DJI drones currently dominate our top picks, and there’s a good reason for that. The company is simply a few steps ahead of its competition right now.
To an outsider it might look like DJI’s only real competition is DJI itself.
DJI has a product catalog with models at various price points, which take up all slots in our top picks actually. It made huge improvements with its Phantom 3 series, and has continued to refine form and function with the Phantom 4. DJI is finally streamlining its line of product offerings, so expect to see some solid, closeout pricing on the Phantom 4, Phantom 3 Professional, and Phantom 3 Advanced in the coming weeks—all are being taken off of the US market according to DJI’s online store.
They also recently released new drones that appeal to a broader audience – Mavic and Spark. Both are smaller or foldable drones with good cameras and decent flight times that actually don’t take that much from your wallet. Both drones are awesome for travellers and travelling photographers who don’t want to carry larger Phantom or Inspire in a backpack. This caused more people getting on board – people who were interested in buying a drone, but wanted to wait for a more compact and cheaper model.
For a long time, the DJI Phantom series was about as small as you could go if you wanted to get a full-featured drone that maintains stability in the air and includes strong safety features. That’s changing. Hikers and travel photographers appreciate a small, light kit, and they can now can now get a drone that fits into a backpack. We’ve got a couple small models in our top ten, and expect to add a few more as the space develops further.
Of course, not every small drone is a top flyer. Some are barely capable of getting off the ground and require you to use your smartphone as a remote control, which makes for a sloppy control experience. Make sure to read reviews before spending hard-earned cash on a compact quadcopter.
GoPro launched its Karma drone in late 2016, but quickly pulled it from the market. Why? Karma drones were falling from the sky due to mid-flight power loss. It goes to show that making a reliable, safe drone isn’t easy, even for a seasoned hardware manufacturer. GoPro has fixed the issue and the Karma is back on the market, but it didn’t score highly enough to be included in our top picks.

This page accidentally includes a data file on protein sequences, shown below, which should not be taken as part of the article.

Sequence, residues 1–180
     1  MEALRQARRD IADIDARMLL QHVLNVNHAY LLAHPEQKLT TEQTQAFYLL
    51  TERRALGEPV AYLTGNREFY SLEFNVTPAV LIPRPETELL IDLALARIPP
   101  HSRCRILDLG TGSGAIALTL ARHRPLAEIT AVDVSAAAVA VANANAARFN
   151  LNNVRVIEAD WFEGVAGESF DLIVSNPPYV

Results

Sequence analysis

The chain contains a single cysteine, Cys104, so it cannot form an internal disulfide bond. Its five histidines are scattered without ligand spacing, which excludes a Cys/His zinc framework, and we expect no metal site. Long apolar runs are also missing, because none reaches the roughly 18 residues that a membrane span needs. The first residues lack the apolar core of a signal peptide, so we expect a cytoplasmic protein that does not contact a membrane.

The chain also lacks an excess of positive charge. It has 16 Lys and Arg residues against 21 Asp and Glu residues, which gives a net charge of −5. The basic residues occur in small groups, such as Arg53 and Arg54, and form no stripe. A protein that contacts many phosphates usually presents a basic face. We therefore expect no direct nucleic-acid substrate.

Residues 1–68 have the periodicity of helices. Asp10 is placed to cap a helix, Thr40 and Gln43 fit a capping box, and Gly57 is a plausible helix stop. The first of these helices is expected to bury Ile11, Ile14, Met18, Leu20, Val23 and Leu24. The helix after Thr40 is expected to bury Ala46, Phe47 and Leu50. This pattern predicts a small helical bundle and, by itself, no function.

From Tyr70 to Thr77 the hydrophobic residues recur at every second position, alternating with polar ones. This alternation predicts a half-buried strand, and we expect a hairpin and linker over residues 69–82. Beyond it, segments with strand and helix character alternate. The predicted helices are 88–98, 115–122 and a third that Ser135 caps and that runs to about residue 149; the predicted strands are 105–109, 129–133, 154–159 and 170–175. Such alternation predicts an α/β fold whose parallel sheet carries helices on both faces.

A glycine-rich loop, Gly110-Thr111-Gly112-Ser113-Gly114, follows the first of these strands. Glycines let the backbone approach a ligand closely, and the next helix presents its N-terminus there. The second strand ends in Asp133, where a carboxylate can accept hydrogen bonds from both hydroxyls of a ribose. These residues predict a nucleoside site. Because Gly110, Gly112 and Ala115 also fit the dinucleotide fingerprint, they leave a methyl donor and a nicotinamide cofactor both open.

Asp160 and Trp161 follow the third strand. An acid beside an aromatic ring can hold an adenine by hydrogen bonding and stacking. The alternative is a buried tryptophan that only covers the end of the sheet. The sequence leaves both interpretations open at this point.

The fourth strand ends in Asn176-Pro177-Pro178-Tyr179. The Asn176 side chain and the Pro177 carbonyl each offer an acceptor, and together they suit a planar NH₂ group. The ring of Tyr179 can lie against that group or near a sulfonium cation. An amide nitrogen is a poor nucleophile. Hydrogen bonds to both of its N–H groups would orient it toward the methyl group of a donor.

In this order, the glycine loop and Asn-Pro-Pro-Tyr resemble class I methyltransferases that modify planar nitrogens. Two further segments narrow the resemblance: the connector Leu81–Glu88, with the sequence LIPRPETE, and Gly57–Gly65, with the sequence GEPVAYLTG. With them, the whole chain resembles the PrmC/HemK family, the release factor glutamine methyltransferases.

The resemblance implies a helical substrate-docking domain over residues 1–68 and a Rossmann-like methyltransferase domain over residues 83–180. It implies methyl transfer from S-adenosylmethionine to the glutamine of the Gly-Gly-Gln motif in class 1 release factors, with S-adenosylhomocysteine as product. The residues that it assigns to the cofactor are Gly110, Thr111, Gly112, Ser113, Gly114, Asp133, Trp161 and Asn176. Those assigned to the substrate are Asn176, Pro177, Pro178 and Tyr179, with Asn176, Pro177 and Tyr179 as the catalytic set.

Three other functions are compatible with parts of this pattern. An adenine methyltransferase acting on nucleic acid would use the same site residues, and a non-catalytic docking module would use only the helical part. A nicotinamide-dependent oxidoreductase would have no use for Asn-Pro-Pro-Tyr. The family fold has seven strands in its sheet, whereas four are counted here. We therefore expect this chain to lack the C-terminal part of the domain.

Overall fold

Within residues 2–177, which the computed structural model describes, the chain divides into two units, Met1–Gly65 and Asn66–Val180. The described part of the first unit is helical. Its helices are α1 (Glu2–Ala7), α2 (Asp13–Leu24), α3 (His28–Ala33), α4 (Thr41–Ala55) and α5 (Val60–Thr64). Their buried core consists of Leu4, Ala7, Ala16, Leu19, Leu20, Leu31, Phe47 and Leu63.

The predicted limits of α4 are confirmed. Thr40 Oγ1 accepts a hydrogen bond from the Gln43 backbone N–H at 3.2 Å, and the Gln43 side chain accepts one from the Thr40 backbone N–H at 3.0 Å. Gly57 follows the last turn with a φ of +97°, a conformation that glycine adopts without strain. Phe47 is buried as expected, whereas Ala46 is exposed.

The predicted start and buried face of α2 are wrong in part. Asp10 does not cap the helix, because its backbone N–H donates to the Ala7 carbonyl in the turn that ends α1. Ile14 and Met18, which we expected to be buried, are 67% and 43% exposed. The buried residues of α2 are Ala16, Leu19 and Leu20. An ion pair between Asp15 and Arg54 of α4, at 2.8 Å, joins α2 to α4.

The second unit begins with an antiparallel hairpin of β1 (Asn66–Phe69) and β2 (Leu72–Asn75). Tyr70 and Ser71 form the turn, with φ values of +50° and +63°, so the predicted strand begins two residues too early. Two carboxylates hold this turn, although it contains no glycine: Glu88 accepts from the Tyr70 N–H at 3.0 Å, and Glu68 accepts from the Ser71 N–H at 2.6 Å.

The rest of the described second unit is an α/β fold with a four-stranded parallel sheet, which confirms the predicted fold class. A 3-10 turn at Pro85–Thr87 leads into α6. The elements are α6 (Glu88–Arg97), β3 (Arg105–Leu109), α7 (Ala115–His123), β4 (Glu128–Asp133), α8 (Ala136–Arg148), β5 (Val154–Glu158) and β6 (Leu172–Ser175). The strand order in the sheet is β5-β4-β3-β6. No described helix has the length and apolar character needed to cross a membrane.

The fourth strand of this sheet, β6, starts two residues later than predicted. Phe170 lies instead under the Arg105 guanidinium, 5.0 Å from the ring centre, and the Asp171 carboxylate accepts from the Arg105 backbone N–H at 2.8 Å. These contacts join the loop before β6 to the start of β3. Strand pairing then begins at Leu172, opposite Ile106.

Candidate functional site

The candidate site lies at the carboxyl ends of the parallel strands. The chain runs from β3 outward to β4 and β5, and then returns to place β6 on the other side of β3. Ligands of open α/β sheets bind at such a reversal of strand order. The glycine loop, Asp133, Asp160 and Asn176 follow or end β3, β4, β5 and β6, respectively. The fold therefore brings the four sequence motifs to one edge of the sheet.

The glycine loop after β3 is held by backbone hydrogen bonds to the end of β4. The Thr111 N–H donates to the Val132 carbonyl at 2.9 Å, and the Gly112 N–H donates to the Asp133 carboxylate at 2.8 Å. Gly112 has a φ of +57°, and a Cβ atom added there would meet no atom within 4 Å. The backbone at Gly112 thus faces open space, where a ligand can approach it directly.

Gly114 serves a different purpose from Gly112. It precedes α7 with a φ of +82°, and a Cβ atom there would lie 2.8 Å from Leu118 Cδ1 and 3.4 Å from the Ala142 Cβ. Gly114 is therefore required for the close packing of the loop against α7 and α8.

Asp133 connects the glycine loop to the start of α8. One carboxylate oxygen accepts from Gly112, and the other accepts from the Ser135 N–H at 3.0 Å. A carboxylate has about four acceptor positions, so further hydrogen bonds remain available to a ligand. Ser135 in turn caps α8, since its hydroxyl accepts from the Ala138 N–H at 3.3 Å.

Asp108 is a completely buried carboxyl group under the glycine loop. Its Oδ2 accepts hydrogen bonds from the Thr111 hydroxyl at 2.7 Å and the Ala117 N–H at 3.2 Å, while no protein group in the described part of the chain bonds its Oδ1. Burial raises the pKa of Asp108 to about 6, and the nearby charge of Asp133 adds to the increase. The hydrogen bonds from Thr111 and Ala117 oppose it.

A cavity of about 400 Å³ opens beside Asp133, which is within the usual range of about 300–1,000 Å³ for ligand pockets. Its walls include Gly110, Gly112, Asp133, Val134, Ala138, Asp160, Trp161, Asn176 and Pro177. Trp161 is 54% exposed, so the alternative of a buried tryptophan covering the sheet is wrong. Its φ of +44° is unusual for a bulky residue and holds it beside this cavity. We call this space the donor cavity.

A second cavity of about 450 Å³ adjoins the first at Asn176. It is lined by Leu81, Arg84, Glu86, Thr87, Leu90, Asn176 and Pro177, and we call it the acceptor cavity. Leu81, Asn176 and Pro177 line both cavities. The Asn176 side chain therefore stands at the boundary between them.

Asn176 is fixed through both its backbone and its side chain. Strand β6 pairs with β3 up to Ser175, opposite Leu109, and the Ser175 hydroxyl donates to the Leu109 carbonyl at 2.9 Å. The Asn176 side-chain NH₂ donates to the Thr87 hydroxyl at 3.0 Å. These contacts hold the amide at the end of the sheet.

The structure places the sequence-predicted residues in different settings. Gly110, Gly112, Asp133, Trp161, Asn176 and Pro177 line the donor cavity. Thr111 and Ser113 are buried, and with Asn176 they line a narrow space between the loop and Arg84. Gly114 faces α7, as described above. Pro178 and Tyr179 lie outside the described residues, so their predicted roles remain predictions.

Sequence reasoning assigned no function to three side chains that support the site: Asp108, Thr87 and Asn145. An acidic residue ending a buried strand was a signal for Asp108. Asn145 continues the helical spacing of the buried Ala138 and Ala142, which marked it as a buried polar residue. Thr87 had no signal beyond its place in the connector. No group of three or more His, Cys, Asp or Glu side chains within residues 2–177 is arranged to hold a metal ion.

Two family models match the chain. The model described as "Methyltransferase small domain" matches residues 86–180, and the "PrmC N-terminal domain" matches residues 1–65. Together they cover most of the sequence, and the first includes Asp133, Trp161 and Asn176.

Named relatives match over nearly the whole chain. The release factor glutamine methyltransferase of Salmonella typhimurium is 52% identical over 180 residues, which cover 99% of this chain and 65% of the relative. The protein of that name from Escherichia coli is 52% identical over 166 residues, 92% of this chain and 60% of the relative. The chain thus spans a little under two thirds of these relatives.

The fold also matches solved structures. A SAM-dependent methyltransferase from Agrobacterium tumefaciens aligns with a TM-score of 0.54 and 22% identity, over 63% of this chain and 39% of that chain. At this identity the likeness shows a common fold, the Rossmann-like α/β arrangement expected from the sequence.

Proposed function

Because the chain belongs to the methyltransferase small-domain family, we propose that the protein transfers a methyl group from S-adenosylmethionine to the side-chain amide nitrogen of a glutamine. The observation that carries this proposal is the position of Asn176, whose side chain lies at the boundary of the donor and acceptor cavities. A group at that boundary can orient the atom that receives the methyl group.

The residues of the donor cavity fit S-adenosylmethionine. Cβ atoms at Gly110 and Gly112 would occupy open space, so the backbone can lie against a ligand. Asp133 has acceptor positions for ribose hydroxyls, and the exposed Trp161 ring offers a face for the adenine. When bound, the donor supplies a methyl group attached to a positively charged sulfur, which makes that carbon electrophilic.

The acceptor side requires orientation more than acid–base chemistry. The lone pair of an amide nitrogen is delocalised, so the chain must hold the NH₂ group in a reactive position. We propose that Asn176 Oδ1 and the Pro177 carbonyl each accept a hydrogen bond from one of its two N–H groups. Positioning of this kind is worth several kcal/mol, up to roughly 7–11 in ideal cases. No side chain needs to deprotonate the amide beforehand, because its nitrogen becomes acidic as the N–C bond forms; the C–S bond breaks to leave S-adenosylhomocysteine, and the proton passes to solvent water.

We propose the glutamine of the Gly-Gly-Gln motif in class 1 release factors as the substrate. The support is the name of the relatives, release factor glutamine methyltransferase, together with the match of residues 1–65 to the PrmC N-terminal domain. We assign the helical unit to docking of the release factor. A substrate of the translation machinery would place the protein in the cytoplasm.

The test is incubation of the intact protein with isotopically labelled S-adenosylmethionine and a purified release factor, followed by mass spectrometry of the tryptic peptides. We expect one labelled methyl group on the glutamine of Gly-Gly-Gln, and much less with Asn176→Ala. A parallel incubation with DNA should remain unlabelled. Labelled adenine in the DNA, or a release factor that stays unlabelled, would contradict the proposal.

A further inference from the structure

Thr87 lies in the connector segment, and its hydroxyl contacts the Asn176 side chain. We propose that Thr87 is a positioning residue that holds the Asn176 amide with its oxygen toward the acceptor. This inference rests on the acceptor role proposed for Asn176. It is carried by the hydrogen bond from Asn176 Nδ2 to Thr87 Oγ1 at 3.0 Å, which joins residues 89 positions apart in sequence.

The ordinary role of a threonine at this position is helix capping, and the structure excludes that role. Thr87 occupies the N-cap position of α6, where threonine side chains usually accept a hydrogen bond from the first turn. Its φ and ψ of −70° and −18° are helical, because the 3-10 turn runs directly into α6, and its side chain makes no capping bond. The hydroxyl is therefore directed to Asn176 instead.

Yuneec is DJI’s major competition in the consumer market. Its Typhoon series competes with DJI’s Phantom line and offers some features that Phantoms don’t provide, including a freely rotating camera on the Typhoon H. It also has a smaller model, the Breeze, to appeal to pilots who want a more user-friendly, casual drone experience.
PowerVision is a newer player in the US market. It’s announced two copters—the consumer-friendly PowerEgg and the pro-grade PowerEye. Also making headway in the US is Autel Robotics. Its line of X-Star drones look like DJI Phantoms that have been dipped in bright orange paint. We’ve not yet had the opportunity to review them, but they compare favorably with DJI models in terms of price.
3D Robotics, which took a swing with its Solo drone, has exited the consumer market—the Solo is now only on sale at closeout prices. That’s a shame, as the Solo delivers a lot of innovative features and would be a stellar choice for GoPro users if it weren’t hampered by subpar battery life and a GPS that’s slow to lock on to satellites.